President Bush has eight times (someone is counting) struck the theme that the war we are in is a decisive ideological struggle. Anyone who is killed today, in Afghanistan or Iraq, will certainly subscribe to the proposition that his death was a decisive act. But we are nevertheless left wondering whether it was an ideological act, of the kind the White House is speaking of.
Ideological divisions result from irreconcilable positions held by entities laying claim to command of the scene. Mr. Bush correctly enunciates ideals that can't be pursued in areas of the world dominated by an understanding of Islam that permits no deviation. It would not be possible to have a town meeting to elect the next mayor and board of aldermen in a town in which half of the residents were active adherents of the Taliban, the other half, Jeffersonian Democrats.
But before declaring the impasse unbridgeable, one asks: Cannot a means of living together be contrived?
In the heat of the day arrived in Washington a leading clerical figure of Iran. Mohammad Khatami was president of Iran from 1997 to 2005 and is the highest-ranking Iranian to visit Washington since we severed relations after the 1979 revolution and the seizure of American hostages. And what does he tell us -- at the National Cathedral, no less?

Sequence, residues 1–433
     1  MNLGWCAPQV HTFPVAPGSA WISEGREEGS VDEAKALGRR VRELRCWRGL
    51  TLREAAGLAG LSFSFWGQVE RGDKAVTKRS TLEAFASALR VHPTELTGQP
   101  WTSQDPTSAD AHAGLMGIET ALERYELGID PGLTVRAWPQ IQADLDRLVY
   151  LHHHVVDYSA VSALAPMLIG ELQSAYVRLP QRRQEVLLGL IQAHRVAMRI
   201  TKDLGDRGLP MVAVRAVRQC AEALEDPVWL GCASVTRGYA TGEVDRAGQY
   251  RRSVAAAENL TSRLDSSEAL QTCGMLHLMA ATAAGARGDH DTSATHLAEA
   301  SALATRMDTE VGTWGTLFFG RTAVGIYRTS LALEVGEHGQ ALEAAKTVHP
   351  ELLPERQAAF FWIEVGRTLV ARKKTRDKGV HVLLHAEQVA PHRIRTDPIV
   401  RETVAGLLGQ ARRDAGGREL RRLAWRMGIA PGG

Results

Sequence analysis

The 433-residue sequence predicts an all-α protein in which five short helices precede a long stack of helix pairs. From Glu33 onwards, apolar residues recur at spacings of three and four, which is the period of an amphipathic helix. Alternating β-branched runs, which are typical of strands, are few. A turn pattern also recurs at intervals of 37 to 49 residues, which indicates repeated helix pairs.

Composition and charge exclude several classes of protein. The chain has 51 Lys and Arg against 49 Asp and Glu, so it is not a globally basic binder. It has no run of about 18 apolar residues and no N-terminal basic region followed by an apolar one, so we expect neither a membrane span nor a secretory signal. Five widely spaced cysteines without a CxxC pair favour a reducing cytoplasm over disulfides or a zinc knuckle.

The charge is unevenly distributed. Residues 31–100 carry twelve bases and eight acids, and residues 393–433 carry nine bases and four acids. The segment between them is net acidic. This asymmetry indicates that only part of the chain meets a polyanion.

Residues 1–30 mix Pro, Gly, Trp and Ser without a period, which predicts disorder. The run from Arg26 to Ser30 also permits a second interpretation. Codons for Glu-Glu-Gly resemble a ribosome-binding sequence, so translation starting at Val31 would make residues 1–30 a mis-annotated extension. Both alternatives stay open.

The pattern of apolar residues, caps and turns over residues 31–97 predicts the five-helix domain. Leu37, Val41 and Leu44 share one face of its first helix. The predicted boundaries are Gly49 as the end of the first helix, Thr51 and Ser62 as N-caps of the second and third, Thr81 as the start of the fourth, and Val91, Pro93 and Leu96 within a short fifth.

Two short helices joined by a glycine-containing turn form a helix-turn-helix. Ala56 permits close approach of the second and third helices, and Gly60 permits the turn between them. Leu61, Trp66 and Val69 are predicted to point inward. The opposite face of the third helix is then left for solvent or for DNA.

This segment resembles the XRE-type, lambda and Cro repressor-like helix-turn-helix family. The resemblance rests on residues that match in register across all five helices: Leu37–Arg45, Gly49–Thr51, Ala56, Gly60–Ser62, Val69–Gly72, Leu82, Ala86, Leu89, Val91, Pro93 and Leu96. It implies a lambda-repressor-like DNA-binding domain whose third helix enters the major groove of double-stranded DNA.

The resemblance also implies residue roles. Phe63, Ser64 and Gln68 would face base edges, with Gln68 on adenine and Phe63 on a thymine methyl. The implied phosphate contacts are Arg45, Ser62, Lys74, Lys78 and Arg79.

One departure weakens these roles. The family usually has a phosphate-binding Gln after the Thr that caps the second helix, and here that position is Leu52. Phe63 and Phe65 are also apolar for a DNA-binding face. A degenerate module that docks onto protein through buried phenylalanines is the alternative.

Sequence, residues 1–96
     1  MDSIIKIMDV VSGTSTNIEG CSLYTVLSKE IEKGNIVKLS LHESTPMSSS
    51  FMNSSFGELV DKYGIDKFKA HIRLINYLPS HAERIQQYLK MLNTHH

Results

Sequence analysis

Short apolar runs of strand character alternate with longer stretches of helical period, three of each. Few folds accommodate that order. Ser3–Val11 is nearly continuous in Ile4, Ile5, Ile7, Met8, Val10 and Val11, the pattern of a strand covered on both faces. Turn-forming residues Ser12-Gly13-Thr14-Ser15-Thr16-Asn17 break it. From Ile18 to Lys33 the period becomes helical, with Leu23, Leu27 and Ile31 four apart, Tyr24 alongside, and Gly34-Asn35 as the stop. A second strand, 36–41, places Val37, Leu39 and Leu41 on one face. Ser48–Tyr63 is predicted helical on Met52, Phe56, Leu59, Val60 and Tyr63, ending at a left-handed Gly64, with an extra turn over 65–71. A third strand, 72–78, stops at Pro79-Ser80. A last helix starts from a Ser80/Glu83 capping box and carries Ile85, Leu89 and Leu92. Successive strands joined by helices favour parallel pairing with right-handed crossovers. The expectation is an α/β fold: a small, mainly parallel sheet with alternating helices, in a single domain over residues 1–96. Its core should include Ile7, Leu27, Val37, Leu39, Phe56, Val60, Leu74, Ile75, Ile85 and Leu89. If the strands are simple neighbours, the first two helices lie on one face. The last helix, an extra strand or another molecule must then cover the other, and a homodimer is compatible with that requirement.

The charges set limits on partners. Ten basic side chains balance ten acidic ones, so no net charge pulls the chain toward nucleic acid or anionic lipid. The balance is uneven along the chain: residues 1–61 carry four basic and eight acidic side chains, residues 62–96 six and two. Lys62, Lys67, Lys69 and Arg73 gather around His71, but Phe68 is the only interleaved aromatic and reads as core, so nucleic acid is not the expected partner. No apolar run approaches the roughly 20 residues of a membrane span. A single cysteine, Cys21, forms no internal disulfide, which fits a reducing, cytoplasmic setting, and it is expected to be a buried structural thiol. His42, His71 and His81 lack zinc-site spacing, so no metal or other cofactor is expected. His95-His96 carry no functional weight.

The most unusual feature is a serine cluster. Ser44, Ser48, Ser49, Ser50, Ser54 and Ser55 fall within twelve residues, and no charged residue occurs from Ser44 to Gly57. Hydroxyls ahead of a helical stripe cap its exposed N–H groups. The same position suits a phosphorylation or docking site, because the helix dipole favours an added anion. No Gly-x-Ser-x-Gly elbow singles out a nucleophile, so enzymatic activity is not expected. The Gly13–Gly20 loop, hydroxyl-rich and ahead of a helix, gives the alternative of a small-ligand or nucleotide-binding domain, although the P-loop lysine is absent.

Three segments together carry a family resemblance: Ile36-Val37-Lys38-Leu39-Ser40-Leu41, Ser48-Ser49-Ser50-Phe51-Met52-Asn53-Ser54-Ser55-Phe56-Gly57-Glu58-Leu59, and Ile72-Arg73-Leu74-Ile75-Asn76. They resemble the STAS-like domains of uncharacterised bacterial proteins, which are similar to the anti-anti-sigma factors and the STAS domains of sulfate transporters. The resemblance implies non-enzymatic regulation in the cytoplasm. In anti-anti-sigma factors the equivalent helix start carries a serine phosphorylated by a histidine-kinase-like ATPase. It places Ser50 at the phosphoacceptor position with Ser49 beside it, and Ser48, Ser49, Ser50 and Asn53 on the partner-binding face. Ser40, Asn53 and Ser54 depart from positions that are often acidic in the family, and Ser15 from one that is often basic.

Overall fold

Well, he says, a smile on his face, we must collaborate in search of a world in which there are no extra-conventional weapons. Why should there be, when the differences between us can be dealt with other than through force and violence?
You see, he explained, there is, actually, an overlap in teachings from the three world religions that descended from Abraham.
"Jesus," Khatami said, "is the prophet of kindness and peace. Muhammad is the prophet of ethics, morality and grace. Moses is the prophet of dialogue and exchange."
That doesn't sound like Hitler talking. But overseers of the current scene aren't interested in pacifist declamations from the mullah. What we want to hear about is the development of nuclear weapons. The Iranian government, speaking through Khatami's successor, President Mahmoud Ahmadinejad, tells the world that Iran is not engaged in developing uranium of the kind one uses to make nuclear arms. We simply have to take his word for it.
But this isn't easy to do, and although the president of the United States, as the fighting chief on the western front, uses the language of apocalypse, he is criticized for doing less than what's needed to advance our goals. Some criticisms of Mr. Bush are themselves, if not exactly ideological, certainly partisan.
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